Tavris & Aronson contrast this with a speech Eisenhower drafted in 1944, to be delivered in the event that the invasion of Normandy had failed:
"Our landings in the Cherbourg-Havre area have failed to gain a satisfactory foothold and the troops have been withdrawn.  My decision to attack at this time and place was based upon the best information available.  The troops, the Air [Force] and the Navy did all that bravery and devotion to duty could do.  If any blame or fault attaches to the attempt, it is mine alone." (236)
Eisenhower made only one revision to this brief statement: he changed "the troops have been withdrawn" to "and I have withdrawn the troops" (236).

Luckily, he never had to deliver this speech at all.  But if he had, how much more it would have meant to see a frank acknowledgement of human error and ethical responsibility.

No one is right all of the time; the future is always uncertain.  And sometimes, we goof up.  Royally.

Ultimately, this is what Aronson & Tavris stress, that our current culture of deferred or denied responsibility satisfies no one and only ensures that more mistakes will be made and that we will all continue to make them.

We assume that, in a litigious environment, a frank admission of human error is bound to get us in further hot water.  And yes, that is sometimes true.  But at the same time, many--if not most--people are more inclined to forgive someone who openly admits, "I screwed up.  Really.  I'm sorry."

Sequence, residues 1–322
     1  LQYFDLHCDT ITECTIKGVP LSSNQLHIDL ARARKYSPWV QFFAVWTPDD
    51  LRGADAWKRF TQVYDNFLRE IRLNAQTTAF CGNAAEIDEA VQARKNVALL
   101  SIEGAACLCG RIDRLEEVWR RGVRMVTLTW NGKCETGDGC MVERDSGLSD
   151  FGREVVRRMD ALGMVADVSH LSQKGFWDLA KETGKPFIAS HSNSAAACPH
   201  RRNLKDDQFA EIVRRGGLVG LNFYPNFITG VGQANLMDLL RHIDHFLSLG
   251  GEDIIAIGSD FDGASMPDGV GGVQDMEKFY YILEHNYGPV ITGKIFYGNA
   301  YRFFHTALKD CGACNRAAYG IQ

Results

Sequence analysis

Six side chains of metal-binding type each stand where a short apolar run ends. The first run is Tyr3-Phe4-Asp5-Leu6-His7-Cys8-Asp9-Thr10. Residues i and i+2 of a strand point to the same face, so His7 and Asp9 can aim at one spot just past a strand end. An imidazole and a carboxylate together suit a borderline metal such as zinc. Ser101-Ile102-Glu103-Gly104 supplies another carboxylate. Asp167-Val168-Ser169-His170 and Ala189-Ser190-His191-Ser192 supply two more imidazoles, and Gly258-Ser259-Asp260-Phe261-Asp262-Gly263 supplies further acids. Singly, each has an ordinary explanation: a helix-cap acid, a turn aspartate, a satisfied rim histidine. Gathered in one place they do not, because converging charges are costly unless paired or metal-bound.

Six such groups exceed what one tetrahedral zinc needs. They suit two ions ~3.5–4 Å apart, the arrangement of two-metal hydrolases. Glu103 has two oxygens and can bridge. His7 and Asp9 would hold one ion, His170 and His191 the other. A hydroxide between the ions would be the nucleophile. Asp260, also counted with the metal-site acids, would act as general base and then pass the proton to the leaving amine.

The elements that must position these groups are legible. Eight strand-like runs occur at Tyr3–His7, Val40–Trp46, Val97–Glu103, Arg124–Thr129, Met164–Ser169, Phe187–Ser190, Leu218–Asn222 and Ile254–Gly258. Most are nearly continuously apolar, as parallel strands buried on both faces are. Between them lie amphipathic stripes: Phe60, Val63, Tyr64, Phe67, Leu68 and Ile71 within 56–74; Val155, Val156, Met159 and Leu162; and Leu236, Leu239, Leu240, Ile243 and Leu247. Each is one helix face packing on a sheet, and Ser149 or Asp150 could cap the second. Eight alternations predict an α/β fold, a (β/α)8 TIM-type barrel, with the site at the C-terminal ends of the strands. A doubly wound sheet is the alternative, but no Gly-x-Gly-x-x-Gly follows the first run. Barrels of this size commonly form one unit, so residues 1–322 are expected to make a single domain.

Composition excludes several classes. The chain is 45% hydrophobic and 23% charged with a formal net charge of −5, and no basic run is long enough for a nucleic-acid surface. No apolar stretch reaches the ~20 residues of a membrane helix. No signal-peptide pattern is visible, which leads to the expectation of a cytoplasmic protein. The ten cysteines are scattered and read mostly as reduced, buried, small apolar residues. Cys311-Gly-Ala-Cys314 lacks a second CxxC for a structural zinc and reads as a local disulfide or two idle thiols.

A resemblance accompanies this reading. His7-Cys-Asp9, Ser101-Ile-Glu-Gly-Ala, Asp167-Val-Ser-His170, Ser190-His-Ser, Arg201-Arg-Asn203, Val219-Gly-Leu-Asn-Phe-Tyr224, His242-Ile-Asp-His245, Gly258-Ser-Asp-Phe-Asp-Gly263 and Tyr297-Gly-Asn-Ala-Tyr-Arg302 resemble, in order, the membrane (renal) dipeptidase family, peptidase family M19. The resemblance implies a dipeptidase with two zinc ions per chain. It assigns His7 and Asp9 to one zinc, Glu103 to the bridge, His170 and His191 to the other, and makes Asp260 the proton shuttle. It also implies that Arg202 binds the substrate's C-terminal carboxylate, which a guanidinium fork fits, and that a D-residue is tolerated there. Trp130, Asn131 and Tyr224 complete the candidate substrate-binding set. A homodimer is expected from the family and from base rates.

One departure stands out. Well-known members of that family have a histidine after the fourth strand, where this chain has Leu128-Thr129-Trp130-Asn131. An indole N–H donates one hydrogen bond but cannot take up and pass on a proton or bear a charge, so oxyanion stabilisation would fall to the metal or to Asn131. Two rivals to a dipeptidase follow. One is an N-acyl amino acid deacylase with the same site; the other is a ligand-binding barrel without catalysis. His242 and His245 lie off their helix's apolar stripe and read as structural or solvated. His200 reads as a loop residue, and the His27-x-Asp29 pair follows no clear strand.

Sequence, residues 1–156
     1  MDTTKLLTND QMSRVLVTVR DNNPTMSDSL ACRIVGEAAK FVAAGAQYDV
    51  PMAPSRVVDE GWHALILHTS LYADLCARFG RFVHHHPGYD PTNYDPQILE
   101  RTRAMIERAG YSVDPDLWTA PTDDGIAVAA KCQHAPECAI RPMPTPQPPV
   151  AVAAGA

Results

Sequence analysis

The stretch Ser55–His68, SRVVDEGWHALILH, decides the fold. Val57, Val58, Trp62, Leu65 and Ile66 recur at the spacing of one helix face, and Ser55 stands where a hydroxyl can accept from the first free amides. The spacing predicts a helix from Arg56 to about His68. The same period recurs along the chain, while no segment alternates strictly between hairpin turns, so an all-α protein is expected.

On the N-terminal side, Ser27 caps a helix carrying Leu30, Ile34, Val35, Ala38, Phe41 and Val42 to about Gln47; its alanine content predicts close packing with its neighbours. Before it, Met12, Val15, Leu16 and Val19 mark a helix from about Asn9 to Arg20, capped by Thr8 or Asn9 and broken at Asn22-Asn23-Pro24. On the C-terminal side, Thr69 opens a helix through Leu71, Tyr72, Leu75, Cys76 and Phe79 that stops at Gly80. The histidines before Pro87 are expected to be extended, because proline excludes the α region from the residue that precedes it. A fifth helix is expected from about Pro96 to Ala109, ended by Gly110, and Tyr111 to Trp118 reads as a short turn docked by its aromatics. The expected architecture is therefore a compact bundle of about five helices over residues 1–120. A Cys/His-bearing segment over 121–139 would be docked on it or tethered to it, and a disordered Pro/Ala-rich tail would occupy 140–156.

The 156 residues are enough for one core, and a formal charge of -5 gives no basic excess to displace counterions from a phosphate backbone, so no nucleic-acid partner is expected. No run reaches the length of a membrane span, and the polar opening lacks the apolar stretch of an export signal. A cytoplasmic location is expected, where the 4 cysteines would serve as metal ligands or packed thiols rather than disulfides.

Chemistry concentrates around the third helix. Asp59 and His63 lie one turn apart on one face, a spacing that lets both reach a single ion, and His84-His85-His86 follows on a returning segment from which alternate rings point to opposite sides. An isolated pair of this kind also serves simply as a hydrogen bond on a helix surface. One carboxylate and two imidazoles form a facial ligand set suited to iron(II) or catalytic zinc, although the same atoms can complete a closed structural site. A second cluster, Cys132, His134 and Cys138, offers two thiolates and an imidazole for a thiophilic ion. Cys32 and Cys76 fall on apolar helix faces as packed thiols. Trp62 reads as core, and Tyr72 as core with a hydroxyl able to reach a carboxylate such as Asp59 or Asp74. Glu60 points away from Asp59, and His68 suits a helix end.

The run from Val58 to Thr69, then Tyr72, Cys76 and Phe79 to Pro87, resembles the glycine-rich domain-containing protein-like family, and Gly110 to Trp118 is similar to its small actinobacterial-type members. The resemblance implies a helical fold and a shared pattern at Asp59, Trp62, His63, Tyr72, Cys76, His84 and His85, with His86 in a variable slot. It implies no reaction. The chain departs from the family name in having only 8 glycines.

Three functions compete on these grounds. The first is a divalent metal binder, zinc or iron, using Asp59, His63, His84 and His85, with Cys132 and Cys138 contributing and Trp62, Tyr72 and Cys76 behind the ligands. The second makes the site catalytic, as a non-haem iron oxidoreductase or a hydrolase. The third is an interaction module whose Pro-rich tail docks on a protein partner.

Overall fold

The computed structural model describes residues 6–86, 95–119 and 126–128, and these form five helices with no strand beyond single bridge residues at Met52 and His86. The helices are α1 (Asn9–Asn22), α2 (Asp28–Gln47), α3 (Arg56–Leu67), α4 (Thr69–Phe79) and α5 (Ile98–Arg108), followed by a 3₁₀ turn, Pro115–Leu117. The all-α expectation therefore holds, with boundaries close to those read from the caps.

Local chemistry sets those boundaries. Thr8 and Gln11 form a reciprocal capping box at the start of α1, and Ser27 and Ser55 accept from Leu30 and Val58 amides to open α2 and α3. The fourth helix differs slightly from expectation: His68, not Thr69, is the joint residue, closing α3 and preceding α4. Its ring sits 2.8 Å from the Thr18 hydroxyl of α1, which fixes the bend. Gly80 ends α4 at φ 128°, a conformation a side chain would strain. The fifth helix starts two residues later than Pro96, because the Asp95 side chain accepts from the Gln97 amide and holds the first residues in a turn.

Provided they mean it, of course, and provided there is no contingent self-justification attached.  And provided they don't go out and do it again.

We all do dumb things.  It's hard to admit it, but when you think about it, why should it be? Obviously, we all make mistakes from time to time, and sometimes they're really big and really embarrassing.

I once taught the wrong material to my class.  I assumed I remembered what the assignment was, and I went to class and taught my little heart out.  I even did the wrong reading the night before, all 80 pages of it.

And it took me two hours to come up with all of the wrong questions for class discussion.